Monday, May 6, 2013

Back from Grandmothering

They say, when you have a grandchild there is this quantum shift in the universe. I think I must of instinctually known that when at on 4/15 I couldn't go to sleep. I lay awake for most of the night with an ill defined anxious rumbling in my soul. Looking at the clock I watched the hours pass by until I fell asleep around 5am. About an hour later I got a call from my daughter saying she "thought" she might be in labor.

I threw just about everything I could think of into a bag and hastily made reservations to fly out later that day. It was a wonderful thing that I made it before Alexandra was born. The universe conspired to make me a part of this incredible moment (even if I was in the waiting room).

The joy of holding a grandchild in your arms is at once magical and wonderful and yet strange and takes a moment to sink in. Who is this little creature you are holding. They tell you her name is Alexandra Joyce Katherine Welch (the third name in honor of me, my Mom and my great grandmother).  You let that sink in and look at her nose, her hairline, her chin and seek to find the familiar in this unique little person. You look deeply at every part of her saying her name over and over in your head to properly place her in your mind. And as you do this you look back on when your own children were born. The newness, the wonder, the tiny bit of nervousness all is still fresh in your memory. And this feeling you are aware of is as familiar as those memories, something has changed.

My time I spent in Virginia was a blessing beyond measure. This little girl this grandchild of Glenn and me, will spend most of her time far away from us. And in as much as people seek to comfort me with words like "Facetime" or "Skype" I know there is little that can replace dancing with your granddaughter to show tunes, or soothing her with a steady hold and make believe lullaby.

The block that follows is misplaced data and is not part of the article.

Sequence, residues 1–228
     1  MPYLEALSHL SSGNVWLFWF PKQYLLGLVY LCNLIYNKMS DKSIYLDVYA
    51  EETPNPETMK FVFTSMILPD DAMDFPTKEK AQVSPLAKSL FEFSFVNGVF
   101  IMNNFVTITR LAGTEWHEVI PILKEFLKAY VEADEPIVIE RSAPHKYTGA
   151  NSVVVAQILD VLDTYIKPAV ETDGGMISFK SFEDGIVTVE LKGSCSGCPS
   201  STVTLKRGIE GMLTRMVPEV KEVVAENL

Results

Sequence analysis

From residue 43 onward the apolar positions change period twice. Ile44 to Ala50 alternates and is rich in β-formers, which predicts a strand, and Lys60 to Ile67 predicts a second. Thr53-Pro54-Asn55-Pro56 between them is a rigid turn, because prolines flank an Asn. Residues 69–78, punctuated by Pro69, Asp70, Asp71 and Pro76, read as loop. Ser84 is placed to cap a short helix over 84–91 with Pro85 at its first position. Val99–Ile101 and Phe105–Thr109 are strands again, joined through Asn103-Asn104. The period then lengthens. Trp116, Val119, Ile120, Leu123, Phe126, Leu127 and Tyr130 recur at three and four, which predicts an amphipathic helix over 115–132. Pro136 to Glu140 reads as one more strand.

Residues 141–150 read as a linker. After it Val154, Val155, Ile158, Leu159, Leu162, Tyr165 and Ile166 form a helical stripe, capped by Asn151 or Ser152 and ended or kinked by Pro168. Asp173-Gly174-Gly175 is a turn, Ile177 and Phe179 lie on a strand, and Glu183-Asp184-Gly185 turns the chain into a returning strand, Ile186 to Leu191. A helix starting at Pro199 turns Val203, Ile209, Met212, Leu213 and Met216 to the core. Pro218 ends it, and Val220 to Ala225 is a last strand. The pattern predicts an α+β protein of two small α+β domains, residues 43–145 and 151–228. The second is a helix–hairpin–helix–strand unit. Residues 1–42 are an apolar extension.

We celebrated my 60th birthday the four of us. Three generations. I realized that when I think of my grandmother, that is Alex's Great Great Grandmother and I feel my age. But the feeling I get is not sad, it is rejoiceful. I rejoice that I can be the messenger of the women who went before me. I can sing Grandmother Dietel's song to Alex and she can feel her love through me. I can dance a jig in the living room and cry at the drop of a hat and share little bit of my Mother with her.

I have been blessed with enough time to make this happen, when there was a day in which I would not have been able to.

We went on an adventure to Assateague Island and stood on a beach not far from where our ancestors walked. We saw ponies running wild that were part of my childhood favorite books. Together we welcomed life, its past, its present and its future.

Yes, something has changed in a profound way, but in an odd way it really hasn't. It has sharpened everything to a fine and definite portrait of life. I am so very grateful to have been given this gift.

When I left Virginia, I was mighty brave until I left the car at the curb of the airport where my eyes welled up with tears. In the years to come I am sure to have many moments where I share tie with Alexandra, but it is hard to imagine any more moving than these three weeks.

And whatever you call me, whenever you call me know I will always be there.